3. 2yos in non-handicaps


This system has produced the following results:



That is an absolutely huge profit over the past 13 years. There have been a good number of bets again and here is the annual breakdown data, via Return on Investment (ROI%):



As can be seen from the upward spikes, there have been several extremely profitable seasons, with ten in the black and just three losing years. However, as you might suspect, this system has been blessed by several big-priced winners: in fact, ten winners have returned at a BSP of over 50.0! Clearly, then, a good proportion of the overall profits are down to these runners. The results are definitely a touch skewed.

However, before thinking this may not be the system for you, it should be noted that horses whose industry SP has been 10/1 or shorter have made a profit as well. OK, we are only talking about 9%, but if your shorter priced runners are making a profit, then I think this type of approach has ‘legs’. To reproduce the amazing profits of the past 13 years it will need the odd big-priced winner, but even if these are less frequent, there is a good chance this system will still make a long-term profit.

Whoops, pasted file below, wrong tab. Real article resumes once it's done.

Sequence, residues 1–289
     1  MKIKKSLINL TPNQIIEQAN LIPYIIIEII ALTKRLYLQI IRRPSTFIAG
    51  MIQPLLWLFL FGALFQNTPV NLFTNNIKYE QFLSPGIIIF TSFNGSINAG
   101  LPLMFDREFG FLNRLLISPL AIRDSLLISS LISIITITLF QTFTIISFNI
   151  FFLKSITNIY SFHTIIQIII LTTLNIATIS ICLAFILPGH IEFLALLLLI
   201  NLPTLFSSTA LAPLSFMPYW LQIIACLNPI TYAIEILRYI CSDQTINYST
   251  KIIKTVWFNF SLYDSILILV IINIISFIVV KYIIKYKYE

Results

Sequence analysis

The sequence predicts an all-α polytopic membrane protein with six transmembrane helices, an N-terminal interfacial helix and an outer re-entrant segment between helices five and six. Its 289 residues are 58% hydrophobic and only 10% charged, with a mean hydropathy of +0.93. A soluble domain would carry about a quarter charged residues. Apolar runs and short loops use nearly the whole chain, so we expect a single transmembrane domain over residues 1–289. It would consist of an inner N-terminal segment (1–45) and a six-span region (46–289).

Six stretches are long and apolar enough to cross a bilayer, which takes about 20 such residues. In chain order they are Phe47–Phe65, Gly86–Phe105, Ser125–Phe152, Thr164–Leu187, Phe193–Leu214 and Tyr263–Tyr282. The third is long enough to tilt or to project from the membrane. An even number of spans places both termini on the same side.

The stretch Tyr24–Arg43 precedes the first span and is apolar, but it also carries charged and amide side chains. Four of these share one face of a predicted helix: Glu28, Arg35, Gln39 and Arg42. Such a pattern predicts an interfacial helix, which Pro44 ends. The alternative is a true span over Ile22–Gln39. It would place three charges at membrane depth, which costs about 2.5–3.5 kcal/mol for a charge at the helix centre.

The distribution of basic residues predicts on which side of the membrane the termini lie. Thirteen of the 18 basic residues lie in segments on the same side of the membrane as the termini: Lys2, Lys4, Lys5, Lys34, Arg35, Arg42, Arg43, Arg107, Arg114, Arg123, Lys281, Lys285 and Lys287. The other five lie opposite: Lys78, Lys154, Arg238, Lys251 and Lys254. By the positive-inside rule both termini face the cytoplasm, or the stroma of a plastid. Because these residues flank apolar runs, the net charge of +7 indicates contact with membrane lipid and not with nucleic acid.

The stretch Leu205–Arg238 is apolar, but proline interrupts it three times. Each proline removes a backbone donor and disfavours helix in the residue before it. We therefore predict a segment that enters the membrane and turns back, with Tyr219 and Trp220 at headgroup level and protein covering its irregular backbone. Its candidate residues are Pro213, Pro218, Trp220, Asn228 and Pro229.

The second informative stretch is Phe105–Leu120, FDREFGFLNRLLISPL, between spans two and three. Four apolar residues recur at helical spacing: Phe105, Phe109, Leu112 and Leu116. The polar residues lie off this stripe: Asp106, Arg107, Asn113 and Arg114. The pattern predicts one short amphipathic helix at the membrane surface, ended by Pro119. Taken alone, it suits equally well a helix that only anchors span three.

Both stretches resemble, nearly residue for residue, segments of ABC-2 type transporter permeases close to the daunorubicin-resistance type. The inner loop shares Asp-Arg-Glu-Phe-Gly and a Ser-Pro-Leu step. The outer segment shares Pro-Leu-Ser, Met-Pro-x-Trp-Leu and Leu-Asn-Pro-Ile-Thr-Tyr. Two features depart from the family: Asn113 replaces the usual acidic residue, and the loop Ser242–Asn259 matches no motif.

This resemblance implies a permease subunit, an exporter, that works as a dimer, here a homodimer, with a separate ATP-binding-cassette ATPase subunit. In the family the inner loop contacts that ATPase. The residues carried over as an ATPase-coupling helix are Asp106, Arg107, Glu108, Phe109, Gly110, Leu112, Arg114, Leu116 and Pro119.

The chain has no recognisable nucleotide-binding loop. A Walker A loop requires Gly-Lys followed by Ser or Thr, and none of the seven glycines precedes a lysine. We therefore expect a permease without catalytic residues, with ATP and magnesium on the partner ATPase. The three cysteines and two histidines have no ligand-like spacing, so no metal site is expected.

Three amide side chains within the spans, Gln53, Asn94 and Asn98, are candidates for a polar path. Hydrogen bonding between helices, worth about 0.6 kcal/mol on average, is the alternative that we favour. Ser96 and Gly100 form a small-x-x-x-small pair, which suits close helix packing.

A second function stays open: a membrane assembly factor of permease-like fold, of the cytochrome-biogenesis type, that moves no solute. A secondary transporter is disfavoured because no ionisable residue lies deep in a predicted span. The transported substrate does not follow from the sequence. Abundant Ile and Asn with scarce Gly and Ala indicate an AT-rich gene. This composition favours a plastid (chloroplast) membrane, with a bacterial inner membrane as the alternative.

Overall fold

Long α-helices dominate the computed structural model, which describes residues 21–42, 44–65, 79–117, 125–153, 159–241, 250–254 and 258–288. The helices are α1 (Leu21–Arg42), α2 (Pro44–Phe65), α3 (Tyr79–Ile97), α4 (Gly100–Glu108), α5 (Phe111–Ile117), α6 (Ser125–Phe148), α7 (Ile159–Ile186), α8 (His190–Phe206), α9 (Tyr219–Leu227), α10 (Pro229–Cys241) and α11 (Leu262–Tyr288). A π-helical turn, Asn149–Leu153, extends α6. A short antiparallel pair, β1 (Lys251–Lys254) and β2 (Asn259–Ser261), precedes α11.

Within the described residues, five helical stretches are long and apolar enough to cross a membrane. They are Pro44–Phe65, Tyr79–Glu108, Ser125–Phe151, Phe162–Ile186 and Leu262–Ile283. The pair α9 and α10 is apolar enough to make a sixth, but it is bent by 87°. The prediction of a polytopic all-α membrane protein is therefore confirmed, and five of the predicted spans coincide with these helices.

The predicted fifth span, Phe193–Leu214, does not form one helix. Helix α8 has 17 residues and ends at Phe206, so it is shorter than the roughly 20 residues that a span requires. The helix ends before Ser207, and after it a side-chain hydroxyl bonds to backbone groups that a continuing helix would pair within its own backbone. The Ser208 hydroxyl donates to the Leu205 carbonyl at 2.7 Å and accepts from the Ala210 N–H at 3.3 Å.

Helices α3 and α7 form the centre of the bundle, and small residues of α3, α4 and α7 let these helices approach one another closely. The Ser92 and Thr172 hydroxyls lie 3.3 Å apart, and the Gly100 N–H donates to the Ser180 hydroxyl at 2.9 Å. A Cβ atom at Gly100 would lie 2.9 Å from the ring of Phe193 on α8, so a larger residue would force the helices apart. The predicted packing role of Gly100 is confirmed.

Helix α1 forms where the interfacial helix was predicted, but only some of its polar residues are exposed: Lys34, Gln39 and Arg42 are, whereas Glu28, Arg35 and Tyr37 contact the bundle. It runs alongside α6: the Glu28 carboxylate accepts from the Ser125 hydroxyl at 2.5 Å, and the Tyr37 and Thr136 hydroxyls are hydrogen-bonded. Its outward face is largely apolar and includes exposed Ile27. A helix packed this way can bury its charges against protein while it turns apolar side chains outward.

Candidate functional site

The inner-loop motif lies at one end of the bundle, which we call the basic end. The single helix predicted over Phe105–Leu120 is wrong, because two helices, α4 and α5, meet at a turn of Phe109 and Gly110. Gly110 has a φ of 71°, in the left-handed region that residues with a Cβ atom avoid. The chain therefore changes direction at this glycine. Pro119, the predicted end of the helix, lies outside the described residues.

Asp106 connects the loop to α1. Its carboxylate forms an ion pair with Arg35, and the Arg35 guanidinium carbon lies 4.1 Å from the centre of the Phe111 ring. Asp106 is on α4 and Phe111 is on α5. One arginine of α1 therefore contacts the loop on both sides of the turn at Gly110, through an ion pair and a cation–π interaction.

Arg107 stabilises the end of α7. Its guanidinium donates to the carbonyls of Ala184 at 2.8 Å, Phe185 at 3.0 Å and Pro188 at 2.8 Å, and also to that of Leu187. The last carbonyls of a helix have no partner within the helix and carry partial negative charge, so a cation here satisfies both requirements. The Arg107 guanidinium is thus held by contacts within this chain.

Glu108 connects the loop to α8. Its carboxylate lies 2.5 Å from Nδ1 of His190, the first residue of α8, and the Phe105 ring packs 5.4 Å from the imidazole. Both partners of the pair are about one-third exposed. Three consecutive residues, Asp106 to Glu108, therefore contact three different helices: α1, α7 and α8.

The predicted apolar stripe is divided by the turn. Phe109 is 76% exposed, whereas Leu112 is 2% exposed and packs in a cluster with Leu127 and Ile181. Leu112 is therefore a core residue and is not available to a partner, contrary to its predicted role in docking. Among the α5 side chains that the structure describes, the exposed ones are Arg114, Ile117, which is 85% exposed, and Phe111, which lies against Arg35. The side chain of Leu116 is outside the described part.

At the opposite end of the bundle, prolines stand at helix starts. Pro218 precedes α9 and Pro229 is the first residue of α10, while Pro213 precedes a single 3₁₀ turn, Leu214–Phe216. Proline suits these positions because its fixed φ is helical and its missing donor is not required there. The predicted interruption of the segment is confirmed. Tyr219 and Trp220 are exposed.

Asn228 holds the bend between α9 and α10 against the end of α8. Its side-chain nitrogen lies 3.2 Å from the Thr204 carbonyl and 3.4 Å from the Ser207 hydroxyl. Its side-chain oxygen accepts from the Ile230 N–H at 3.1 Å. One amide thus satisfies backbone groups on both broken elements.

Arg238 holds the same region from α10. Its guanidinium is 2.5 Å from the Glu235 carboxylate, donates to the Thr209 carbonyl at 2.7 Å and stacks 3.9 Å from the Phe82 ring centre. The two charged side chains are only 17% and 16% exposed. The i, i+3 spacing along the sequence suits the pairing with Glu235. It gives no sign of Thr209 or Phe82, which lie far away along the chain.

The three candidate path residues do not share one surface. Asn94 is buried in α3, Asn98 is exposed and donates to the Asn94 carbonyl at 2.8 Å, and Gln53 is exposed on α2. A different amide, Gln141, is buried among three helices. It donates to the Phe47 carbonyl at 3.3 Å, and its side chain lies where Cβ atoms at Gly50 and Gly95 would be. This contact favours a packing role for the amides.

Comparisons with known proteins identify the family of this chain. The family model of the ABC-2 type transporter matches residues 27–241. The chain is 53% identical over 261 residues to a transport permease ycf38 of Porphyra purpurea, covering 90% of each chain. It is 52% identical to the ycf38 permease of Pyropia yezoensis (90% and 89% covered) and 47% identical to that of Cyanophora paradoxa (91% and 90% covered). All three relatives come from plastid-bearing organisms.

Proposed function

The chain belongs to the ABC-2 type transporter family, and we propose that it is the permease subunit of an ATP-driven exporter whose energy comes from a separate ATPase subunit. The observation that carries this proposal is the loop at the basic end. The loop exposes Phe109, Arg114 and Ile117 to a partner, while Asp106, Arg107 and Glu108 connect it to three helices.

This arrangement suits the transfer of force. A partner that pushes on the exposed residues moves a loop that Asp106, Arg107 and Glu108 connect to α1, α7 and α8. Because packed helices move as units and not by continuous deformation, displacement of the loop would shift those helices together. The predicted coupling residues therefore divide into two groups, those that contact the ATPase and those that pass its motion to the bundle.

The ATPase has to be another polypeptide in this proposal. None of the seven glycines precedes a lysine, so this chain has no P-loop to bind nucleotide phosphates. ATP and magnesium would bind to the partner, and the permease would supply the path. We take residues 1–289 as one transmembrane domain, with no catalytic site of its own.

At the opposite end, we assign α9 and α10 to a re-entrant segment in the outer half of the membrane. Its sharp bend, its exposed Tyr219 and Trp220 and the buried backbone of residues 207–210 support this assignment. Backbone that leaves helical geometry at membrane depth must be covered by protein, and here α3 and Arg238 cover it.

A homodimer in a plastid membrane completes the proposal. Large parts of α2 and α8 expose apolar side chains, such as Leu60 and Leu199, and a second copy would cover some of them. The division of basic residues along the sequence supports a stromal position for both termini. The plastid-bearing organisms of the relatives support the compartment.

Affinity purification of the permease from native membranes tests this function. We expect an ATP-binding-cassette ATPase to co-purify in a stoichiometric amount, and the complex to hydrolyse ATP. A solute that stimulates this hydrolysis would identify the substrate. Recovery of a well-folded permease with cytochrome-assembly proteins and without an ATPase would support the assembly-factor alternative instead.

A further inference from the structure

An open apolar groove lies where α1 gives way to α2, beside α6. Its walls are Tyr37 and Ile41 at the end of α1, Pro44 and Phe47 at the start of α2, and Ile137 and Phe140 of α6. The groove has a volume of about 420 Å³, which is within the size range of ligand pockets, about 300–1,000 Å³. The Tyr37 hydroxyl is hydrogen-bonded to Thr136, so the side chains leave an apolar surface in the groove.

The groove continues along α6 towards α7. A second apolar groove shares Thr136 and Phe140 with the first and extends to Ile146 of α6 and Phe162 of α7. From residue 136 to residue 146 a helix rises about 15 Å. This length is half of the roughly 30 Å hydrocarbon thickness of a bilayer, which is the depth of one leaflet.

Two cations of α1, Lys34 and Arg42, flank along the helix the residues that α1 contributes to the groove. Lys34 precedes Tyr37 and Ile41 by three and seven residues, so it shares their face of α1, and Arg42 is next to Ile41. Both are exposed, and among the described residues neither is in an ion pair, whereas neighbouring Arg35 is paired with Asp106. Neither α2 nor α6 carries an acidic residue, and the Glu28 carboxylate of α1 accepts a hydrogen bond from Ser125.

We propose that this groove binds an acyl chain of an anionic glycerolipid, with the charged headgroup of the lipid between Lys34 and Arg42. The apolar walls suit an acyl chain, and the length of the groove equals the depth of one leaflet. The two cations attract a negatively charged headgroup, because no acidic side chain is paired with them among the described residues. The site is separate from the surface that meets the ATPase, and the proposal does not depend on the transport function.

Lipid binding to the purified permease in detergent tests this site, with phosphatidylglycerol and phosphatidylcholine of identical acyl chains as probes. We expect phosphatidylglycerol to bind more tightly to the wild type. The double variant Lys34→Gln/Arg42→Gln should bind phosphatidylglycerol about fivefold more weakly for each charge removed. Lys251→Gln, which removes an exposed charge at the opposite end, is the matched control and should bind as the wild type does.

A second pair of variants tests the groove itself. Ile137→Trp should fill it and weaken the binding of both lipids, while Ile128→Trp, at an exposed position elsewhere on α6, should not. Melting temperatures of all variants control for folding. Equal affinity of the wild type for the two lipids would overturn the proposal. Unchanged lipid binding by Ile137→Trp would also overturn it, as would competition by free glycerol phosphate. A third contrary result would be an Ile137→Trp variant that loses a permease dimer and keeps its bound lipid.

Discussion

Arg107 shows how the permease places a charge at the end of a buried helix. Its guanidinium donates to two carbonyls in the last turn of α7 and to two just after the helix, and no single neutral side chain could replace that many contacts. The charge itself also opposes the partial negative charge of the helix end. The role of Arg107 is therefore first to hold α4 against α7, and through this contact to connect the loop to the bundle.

Finally I want to share the Balding stats in terms of ground conditions (going). He has been profitable on all types of turf going as well as making a profit on the sand:



Clive Cox – The 3yos in 3yo+ races system

Clive Cox has saddled over 850 winners and, last year, saw his highest tally of winners, 79. Indeed, since 2009, if you had backed ALL of his runners in every single race you would have made a profit of 8p in the £. Not bad considering the sample size is in excess of 5,200 runners. Also, six of the last seven years would have produced a blind profit which is impressive.

Clive Cox has done especially well with his three-year-old (3yo) runners since 2009, especially when they are racing in 3yo+ races. The system reads:

  1. Flat racing (Turf / All weather)
  2. Trainer – Clive Cox
  3. 3yos in 3yo+ races

Again, there are very few rules which, as I have stated before, is important for the logic to stand up. The overall results show good profits:



Looking at the annual breakdown, the below figures using BSP profit to £1 level stakes:



2009, 2010, 2017 and 2018 were all very profitable and these years are why the system has an overall profit. What is interesting, though, is that Cox has not really had any bad seasons. Even in 2019 and 2020 the losses were very modest considering the raw nature of this system. So, despite four seasons contributing to virtually all the profit margin, this system shouldn’t in my opinion be written off due to inconsistency. Whether it is the type of system for you, only you will know. Again my personal approach would be to highlight qualifiers using the rules and then take a more pragmatic approach by doing further research into the horses in question and their rivals in the highlighted race.